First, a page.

Field Trip of Dreams
Field Trip of Dreams

by Mark Drozdowski
Director of University Communications

The summer of 2016 marks the farewell tour of David Ortiz, the Red Sox designated hitter known as “Big Papi.” Ortiz is one of dozens of players from the Dominican Republic who, despite humble roots, have become stars in Major League Baseball over the past half-century.

Last January, UNH students took the opportunity to see where and how these players got their start.

Over winter break, seven students spent 12 days on a pilgrimage guided by April Yoder, assistant professor of history, whose “Globalization of Sport: Baseball in the Dominican Republic” course introduced them to the culture of the country and its obsession with the sport.

April Yoder (far left) with UNH students and a Dominican baseball player in Manoguayabo, just outside Santo Domingo.

They stayed with Dominican host families, surveyed the defunct sugar mills in Consuelo, visited the birthplaces of legends Sammy Sosa and Manny Acta, toured the New York Mets training academy and played baseball with dozens of Dominican youth who harbor the same dreams that have brought more than 600 of their forefathers to the majors since 1956.

The intensive class also required plenty of reading and reflection on the historical development of baseball through the lens of globalization.

“I worked them pretty hard,” Yoder said. “Some days they saw me for 12 hours. I felt a little bad, but not that bad because they did get three credits for it.”

The trip was the third study abroad experience for Bianca Gureralp ’16, a sports management major from Fair Lawn, N.J.

“The first two trips were amazing but didn’t completely relate to my major,” she said. “Once I saw the opportunity to study the globalization of baseball, I couldn’t miss it.”

Yoder’s interest in Latin America began in third grade, when an immigrant student from Mexico joined her class. After graduating from the University of Indianapolis, Yoder pursued her master’s degree in Latin American Studies at the University of Arizona. While in Tucson, she developed a curiosity about baseball and continued that passion at Georgetown, where she earned a Ph.D. in history in 2014 with a dissertation examining how the growth of the baseball industry in the Dominican Republic intertwined with the development of democracy.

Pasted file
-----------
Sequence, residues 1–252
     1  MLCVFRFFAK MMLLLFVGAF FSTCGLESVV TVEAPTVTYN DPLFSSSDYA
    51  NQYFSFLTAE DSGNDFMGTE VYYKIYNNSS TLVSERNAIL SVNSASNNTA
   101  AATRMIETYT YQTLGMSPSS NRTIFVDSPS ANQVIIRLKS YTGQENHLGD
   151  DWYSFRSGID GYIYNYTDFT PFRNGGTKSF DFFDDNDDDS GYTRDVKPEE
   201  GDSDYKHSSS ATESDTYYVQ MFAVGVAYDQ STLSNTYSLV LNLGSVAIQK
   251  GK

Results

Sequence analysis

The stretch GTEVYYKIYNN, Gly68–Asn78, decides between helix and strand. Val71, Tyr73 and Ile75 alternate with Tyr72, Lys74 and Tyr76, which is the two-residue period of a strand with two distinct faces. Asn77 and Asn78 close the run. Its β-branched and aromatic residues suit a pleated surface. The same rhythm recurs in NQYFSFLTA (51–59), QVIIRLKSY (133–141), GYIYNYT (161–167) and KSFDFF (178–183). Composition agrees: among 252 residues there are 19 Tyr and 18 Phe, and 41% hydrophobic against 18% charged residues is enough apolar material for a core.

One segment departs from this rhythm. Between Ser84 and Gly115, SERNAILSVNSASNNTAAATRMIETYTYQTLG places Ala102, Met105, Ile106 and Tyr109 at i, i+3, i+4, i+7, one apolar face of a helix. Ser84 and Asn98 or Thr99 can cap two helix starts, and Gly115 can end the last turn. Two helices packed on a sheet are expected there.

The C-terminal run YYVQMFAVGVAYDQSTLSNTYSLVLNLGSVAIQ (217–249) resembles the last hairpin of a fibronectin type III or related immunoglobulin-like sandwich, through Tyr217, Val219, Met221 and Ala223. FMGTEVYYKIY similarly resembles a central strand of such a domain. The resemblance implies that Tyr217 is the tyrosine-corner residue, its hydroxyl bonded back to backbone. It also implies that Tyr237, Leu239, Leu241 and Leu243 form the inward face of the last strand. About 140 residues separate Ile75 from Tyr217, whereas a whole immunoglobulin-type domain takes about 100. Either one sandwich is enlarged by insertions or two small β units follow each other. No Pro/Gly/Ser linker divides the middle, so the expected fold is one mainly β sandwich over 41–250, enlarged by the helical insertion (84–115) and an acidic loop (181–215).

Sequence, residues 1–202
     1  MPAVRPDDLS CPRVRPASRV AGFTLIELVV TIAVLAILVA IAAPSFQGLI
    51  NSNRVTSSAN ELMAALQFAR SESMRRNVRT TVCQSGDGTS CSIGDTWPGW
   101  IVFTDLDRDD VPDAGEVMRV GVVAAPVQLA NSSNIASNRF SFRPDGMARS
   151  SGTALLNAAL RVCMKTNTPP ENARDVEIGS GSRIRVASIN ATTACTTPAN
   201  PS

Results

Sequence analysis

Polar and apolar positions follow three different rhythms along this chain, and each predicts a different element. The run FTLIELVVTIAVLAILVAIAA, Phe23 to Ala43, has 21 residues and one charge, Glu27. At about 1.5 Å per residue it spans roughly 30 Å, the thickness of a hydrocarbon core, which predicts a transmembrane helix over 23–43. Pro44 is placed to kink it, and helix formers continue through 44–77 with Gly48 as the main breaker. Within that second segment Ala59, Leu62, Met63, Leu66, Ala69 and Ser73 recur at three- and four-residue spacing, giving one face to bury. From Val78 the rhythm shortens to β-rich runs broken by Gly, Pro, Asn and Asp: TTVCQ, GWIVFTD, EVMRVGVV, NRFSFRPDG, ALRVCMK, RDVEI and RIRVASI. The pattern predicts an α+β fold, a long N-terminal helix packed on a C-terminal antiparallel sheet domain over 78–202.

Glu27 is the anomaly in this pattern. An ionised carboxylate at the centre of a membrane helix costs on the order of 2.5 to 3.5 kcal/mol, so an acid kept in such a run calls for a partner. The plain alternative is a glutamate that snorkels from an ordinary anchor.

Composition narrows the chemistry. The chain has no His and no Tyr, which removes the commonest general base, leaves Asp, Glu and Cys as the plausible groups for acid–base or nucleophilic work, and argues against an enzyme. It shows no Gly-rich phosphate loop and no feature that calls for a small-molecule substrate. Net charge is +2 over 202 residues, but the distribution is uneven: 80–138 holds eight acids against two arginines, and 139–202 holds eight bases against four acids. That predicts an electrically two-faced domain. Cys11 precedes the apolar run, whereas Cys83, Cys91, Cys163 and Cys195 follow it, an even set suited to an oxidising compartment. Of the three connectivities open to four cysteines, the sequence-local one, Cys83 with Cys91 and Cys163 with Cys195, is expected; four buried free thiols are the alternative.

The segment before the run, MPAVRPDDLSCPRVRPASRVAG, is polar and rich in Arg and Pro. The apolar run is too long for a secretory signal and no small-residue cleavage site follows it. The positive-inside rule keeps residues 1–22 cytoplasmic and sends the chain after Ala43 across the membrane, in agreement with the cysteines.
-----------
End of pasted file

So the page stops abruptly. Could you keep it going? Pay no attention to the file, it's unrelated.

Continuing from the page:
In addition to the study abroad class, Yoder also teaches “Sport in Latin American History,” which is organized around themes such as industrialization, political participation, gender and race.

“We examine the same things you’d study in a modern Latin American history course, but we do it through sports,” Yoder said, citing the example of soccer hooliganism in Argentina and the causal relationship between sports and violence. “Do sports reflect society’s violence or promote it?” she asked.

Baseball in the Dominican Republic dates back to the 1880s, when Cuban and Puerto Rican exiles introduced the sport. Its popularity grew while the U.S. occupied the country from 1916 to 1924 and in the mid-20th century with the advent of amateur leagues, and before long players such as Felipe Alou, Julian Javier and Juan Marichal were becoming Major League Baseball stars.

Today, about 80 MLB players hail from the Dominican Republic, a disproportionate number from a country with a population of only 10 million. In fact, the country is the number one producer of professional talent outside the U.S. Venezuela, Mexico, Cuba, Panama, Colombia and Nicaragua also regularly send players to the majors. Baseball may be America’s pastime, but apparently it’s Latin America’s pastime as well.

“Bumping into random people in the streets who happen to be professional baseball players can be a little surreal,” said Yoder, who hopes to develop a similar study abroad trip to Cuba.

“My biggest takeaway was how passionate Dominicans are about their baseball,” said Justin Thornton ’16, a sport management major from Warwick, R.I. “Any avid MLB fan knows that, but I felt as though I was introduced to an entirely different viewpoint of baseball.”

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